Heroes de Janeiro: Gymnasts that brought the Olympic Arena to its feet

Heroes de Janeiro: Gymnasts that brought the Olympic Arena to its feet

Brazil's Arthur Mariano

Over the two days of qualifications, nearly 200 gymnasts, flipped, twisted, soared and crashed through the Olympic Arena in Rio. And all throughout, the enthusiastic crowd chanted, cheered, leapt to their feet and occassionally covered their eyes.

Here are the most emotional routines from the men’s and women’s gymnastics qualifications.

Team Brazil puts on a show at home

Both the Brazilian men and women qualified for the team final by placing in the top eight: the Brazilian women finished fifth, establishing themselves as dark horses for a team medal, while the men finished sixth.

The Brazilians showed their heart and pride with every routine, drinking in the roars of the crowd and waving to the screaming fans.

The Brazilian men will compete in the team final on Monday, Aug. 8 at 3 p.m. ET. Sergio Saski and Arthur Mariano will then compete in the individual all-around final at Wednesday, Aug. 10 at 3 p.m. ET.
The women’s team final will be held on Tuesday, Aug. 9 at 3 p.m. ET, and Flavia Saraiva and Rebecca Andrade will compete in the women’s all-around final at Thursday, Aug. 11 at 3 p.m. ET.

Olympic legends vault their hearts out

35-year-old Marian Dragulescu and 28-year-old Catalina Ponor of Romania both made their Olympic debuts 12 years ago at the Athens Olympics, and both are medal contenders again in Rio. That’s impressive, until you compare them with Uzbekistan’s Oksana Chusovitina. The 41-year-old became the first gymnast ever to compete in seven Olympics. Chusovitina, who won vault bronze at the 2008 Bejing Games, hasn’t missed a single Olympics since the 1992 Barcelona Games.

Chusovitina and Dragulescu will compete for medals in the vault finals, while Ponor will aim for the podium on the balance beam.

Samir Ait Said went down but not out

Many in the Olympic Arena shielded their eyes in shock when French gymnast Samir Ait Said broke his leg on the landing of his vault. But as he was carried out on a stretcher, the crowd gave him a standing ovation which meant everything to Ait Said.

In an interview with the International Gymnastics Federation, Ait Said said:

“When leaving the arena I already saw everyone standing up. That’s the value of the Olympic spirit. We are not a country but an identity: we are Olympians. When I waved to the public to thank them, everyone applauded. Even amidst my misfortune, it was an extraordinary moment. The proof is that I didn’t even cry.

“This was a human experience. Even the Vault judges supported me. They were saddened and I wish to thank them for their kind words. On social media, many people wished me a speedy recovery and above all that they said that they want to see me come back stronger at the Tokyo Games.”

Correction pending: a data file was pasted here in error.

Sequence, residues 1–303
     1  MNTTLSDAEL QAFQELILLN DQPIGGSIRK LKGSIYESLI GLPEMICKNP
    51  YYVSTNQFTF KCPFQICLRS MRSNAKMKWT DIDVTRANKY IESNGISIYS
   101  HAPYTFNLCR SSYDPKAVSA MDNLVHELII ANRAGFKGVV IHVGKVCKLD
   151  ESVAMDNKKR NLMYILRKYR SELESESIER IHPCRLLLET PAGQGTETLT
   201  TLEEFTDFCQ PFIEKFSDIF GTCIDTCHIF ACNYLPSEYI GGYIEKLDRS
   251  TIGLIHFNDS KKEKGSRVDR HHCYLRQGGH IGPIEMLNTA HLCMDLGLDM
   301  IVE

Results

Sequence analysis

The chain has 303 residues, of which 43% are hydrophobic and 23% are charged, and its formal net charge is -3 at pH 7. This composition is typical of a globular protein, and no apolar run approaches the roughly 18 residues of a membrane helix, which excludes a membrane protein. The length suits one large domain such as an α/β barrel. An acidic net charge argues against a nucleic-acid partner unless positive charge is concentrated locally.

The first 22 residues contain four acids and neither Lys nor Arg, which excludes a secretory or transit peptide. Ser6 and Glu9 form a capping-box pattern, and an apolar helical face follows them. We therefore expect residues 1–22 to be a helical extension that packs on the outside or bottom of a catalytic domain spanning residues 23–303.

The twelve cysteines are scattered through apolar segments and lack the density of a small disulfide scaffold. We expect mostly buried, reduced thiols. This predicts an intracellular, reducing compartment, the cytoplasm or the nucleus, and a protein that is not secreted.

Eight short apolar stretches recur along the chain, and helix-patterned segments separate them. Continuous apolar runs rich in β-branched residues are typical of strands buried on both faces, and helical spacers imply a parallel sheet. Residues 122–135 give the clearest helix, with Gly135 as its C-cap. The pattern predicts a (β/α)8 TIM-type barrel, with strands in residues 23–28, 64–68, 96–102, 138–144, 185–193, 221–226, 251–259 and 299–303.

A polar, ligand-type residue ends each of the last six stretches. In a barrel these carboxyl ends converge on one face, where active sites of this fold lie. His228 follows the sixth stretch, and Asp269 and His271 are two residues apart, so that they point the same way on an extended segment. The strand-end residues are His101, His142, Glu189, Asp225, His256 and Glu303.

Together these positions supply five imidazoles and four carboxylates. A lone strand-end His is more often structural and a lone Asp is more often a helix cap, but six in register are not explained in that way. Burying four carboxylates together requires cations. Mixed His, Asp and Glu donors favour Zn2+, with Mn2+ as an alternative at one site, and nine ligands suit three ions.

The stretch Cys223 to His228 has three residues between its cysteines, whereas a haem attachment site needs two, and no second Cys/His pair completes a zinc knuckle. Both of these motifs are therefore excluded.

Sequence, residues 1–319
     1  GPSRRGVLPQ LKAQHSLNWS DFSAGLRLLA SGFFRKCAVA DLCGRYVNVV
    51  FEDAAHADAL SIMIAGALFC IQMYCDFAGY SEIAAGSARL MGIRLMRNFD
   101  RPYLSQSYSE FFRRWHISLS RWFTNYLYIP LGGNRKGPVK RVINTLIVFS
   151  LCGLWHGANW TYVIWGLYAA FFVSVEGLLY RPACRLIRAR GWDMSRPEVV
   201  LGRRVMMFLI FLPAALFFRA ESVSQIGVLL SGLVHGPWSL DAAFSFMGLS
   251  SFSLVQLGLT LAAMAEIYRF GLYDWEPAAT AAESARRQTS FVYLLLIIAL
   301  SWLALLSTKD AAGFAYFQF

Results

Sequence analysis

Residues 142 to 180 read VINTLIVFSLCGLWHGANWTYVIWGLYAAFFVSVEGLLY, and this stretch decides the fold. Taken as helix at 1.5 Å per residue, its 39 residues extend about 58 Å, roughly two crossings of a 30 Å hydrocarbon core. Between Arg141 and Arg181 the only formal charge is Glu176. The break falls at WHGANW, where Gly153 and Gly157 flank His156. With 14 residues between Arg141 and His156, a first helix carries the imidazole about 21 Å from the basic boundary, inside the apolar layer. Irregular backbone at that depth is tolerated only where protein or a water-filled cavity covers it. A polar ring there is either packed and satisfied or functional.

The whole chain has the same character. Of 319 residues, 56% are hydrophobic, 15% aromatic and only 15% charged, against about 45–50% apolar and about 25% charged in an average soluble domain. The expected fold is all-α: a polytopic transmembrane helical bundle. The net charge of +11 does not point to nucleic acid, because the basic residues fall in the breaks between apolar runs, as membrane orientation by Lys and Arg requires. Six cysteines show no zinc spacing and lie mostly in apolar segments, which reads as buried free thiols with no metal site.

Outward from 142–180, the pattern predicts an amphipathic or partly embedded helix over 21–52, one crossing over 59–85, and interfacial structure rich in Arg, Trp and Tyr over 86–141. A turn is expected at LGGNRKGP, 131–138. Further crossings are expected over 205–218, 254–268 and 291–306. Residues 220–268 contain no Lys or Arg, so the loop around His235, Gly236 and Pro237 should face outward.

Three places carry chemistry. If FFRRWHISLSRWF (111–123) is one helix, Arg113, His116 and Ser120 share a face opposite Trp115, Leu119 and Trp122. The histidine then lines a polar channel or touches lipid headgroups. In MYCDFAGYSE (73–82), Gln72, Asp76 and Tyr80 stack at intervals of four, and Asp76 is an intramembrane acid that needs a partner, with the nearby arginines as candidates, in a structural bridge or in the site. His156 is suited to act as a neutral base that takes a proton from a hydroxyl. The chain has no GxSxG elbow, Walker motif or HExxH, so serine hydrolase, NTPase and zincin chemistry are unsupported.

Looks like team spirit: Andreas Toba and Ellie Downie

Unfortunately Ait Said was not the only gymnast who was injured during qualifications. Just moments before Ait Said’s vault, German gymnast Andreas Toba hurt his knee on floor exercise. Forced to stop his routine after the first tumbling pass, Toba received a score of just 1.366 points.

Most gymnastics teams come to the Olympics with one alternates athletes who are ready to step in if one of the five team members is injured before the competition starts. But once qualifications begin, an alternate can no longer be swapped in. So Germany, hoping to qualify for the team final, faced the prospect of competing with just four gymnasts.

Toba knew that his team needed him, so he wrapped up his knee and got back up on the horse: the pommel horse. After getting through his routine cleanly, the other German gymnasts came up to the podium to carry the tearful Toba down.

A similar situation played out in the women’s qualifications. 17-year-old Ellie Downie of Great Britain proved that she was as formidable as the lion on the front of her leotard when she came back after a crash on floor to compete two vaults. She qualified for the all-around final and helped the British women advance to the team final.

History in the making for Armenian gymnast

Houry Gebeshian didn’t make any Olympic finals, but she got her name in the history books–twice. First, she became the first female gymnast to represent Armenia. Then she competed a risky uneven bars mount, propelling herself over the lower bar up to the high bar with a full twist in between. Not only did it look impressive, it had never been done before in competition. It will not be known in the gymnastics Code of Points as The Gebeshian.

Cheering for the other individual gymnasts in her mixed groups and kissing each apparatus after her routine, Gebeshian may have had the most fun in qualifications.

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